A popular walk takes you from Nauders in North Tyrol to the tri-border Boundary Stone beneath the 2,808 m high Piz Lad
About two thirds of the Sesvenna Alps are located in Swiss state territory, while one third belongs to South Tyrol and a corner to North Tyrol. They are a subgroup of the Central Alps and are called Münstertal Alps in Switzerland, which has the lion's part of these mountains. In Tyrol, the Sesvenna Alps are located in the extreme north-east of North Tyrol, close to Nauders and the Reschenpass.
Various mountain passes delimit the Sesvenna Alps, such as the Finstermünz Pass and the Swiss Fuorn Pass, which represents the connection of the Sesvenna Alps and the Ortles Alps. Moreover, they are delimited by the Reschenpass, connecting them with the Oetztal Alps. Neighbouring mountain ranges are the Silvretta Alps, the Oetztal Alps and the Livigno Alps.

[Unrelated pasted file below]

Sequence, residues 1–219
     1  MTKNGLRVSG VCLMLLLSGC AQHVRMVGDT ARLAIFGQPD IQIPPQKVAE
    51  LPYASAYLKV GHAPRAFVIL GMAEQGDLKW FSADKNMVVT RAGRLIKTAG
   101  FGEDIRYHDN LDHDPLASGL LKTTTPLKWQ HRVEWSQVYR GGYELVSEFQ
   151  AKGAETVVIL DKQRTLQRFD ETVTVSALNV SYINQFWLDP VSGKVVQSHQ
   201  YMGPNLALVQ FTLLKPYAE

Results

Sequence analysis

Peaks: The highest peak is the 3,204 m high Piz Sesvenna in the Swiss canton Engadine, which is name-giving for the mountain chain. Mt. Piz Lad (2,808 m a.s.l.), however, marks the northernmost point of the Sesvenna Alps. Other important peaks are Mt. Piz Pisoc (3,174 m a.s.l.), Mt. Piz Rasass (2,941 m a.s.l.) and Mt. Elferspitze (2,926 m a.s.l.) in the Val Venosta valley in South Tyrol in Italy.
Trails: A popular walk takes you from Nauders in North Tyrol to the Boundary Stone underneath Mt. Piz Lad, where Italy, Austria and Switzerland meet. Moreover, the Red Trail of the Via Alpina snakes across the Sesvenna Alps in two stages. Also the only national park in Switzerland with its stunning landscapes, the Swiss National Park, covers major areas of the Sesvenna Alps.